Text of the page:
Food Controversies in Developing and Emerging Countries
Chapter 10
Rights-Based.Approach.to.Food.and.Nutrition.Security.in.Nigeria...................217
Clementina Oluwafunke Ajayi, Federal University of Technology –
Akure, Nigeria
Kemisola O. Adenegan, University of Ibadan, Nigeria
Section 6
Farmland Conservation and Environmental Stewardship
Chapter 11
Economics.of.Soil.Fertility.Management.Practices.in.Nigeria...........................236
Ibukun Joyce Ogwu, University of Abuja, Nigeria
Olubunmi Abayomi Omotesho, University of Ilorin, Nigeria
Abdulazeez Muhammad-Lawal, University of Ilorin, Nigeria
Chapter 12
Economic.Impact.Assessment.of.the.National.Fadama.Development.Project.
on.Rural.Farming.Communities.in.Niger.State.of.Nigeria.................................264
Godwin Anjeinu Abu, University of Agriculture – Makurdi, Nigeria.
Steve A. Okpachu, Federal College of Education (Technical), Nigeria
M. Mallam, University of Agriculture – Makurdi, Nigeria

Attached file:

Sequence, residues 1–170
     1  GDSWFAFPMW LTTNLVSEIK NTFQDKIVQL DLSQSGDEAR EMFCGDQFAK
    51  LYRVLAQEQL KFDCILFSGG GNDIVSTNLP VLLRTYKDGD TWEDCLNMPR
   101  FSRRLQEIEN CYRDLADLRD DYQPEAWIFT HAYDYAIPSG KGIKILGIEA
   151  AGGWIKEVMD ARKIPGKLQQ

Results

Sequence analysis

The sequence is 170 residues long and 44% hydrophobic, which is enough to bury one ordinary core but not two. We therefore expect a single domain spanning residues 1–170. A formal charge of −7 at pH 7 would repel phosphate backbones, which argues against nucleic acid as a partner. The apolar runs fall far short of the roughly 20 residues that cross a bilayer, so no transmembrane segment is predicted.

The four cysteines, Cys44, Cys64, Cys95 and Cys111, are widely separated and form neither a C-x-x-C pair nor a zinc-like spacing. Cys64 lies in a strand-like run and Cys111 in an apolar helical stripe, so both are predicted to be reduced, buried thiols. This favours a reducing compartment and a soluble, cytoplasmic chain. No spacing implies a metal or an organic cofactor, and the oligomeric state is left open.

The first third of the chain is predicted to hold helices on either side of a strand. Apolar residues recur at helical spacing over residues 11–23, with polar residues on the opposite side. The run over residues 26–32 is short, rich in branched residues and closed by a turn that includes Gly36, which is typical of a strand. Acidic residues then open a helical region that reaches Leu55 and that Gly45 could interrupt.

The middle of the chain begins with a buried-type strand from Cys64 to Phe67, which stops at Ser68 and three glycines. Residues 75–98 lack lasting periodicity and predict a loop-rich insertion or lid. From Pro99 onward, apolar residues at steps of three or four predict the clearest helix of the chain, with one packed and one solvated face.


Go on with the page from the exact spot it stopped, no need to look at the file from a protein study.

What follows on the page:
Related References............................................................................................ 276
Compilation of References. ............................................................................. 315
About the Contributors. .................................................................................. 361
Index.................................................................................................................. 369


Detailed Table of Contents

Foreword...........................................................................................................xviii
Preface................................................................................................................. xx